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Three Varieties of Peppercorns
Were you aware that peppercorns are fruit? It is true! They grow on a vine by the name of Piper nigrum in the family Piperaceae. The long flowering spikes turn into a cluster of tiny berries, known as drupes, which are then harvested and processed into the black, white, and green peppercorns.
As you might surmise, the green peppercorns are the unripe versions. They are uncooked, dried, and typically preserved in vinegar or brine. You can find some in the dried form.
Black peppercorns are unripe green ones that are picked, cooked in hot water, and then dried. They are the most aromatic and have the strongest flavor due to their shriveled and blackened skin.
White peppercorns are ripened berries allowed to soak in water long enough to soften the skin or are fermented. Removal of the skins takes place, and then the berries are dried. While they're slightly hotter than the black, white peppercorns are less aromatic.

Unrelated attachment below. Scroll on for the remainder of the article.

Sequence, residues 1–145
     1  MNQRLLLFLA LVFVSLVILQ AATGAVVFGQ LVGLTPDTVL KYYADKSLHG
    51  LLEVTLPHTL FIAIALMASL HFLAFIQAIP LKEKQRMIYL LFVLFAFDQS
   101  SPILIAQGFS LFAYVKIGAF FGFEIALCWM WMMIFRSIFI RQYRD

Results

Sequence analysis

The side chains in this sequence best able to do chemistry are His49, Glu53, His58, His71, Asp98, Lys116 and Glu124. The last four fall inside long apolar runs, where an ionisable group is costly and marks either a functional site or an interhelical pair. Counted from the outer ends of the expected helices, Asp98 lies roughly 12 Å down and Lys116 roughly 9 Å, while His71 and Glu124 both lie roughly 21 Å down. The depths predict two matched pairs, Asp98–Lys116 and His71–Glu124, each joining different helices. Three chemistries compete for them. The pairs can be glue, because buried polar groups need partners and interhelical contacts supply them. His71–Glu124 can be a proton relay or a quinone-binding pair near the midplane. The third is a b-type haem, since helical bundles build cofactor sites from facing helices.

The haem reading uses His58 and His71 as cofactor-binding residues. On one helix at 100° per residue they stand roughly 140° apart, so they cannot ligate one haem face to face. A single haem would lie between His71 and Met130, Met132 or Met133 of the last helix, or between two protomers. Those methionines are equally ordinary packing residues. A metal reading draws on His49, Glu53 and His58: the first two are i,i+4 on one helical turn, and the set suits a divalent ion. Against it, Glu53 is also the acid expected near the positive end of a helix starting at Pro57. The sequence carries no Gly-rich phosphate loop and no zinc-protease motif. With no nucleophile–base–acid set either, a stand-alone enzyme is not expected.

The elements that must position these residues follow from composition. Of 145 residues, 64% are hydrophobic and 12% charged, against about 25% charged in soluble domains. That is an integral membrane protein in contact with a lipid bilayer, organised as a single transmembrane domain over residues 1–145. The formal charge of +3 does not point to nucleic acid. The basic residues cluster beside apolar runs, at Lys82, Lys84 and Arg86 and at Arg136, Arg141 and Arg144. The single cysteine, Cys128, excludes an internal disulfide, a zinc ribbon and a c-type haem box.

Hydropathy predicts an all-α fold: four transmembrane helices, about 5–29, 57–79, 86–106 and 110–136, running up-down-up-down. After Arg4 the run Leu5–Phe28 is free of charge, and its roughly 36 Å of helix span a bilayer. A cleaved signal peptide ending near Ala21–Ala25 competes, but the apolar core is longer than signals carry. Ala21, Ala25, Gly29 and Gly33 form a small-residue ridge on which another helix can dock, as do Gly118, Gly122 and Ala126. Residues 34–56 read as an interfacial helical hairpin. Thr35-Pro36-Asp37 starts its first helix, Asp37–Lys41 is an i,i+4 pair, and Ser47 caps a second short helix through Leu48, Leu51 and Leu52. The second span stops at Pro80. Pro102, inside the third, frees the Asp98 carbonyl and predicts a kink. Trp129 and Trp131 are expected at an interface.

Chefs don't use white pepper just to avoid spoiling the whiteness of pommes puree or bechamel. It has a more peppery aroma, with sharpness and sweetness, too.
— Yotam Ottolenghi
The Spice Trade
Pepper and the trading of other spices have been around for millennia. Trading and bartering for items and services took the place of currency for hundreds of thousands of years. Since everyone eats food for sustenance, the preservation and flavoring of that food took on prominence.
Overland trade routes combined with maritime routes expanded the trading of pepper and other goods. It also resulted in the discovery of other lands and civilizations. Along with those discoveries came technological progress and the mingling of cultures.
Reading about the spice trade and its significance to the world we know today is of great interest to historians. The discovery of pepper plays a big part in that story. Black pepper, known as the king of spices, wins the title of being the most widely traded spice worldwide. Statistically, today it accounts for about one-fifth of all the sales.
Where and How Do Peppercorn Plants Grow?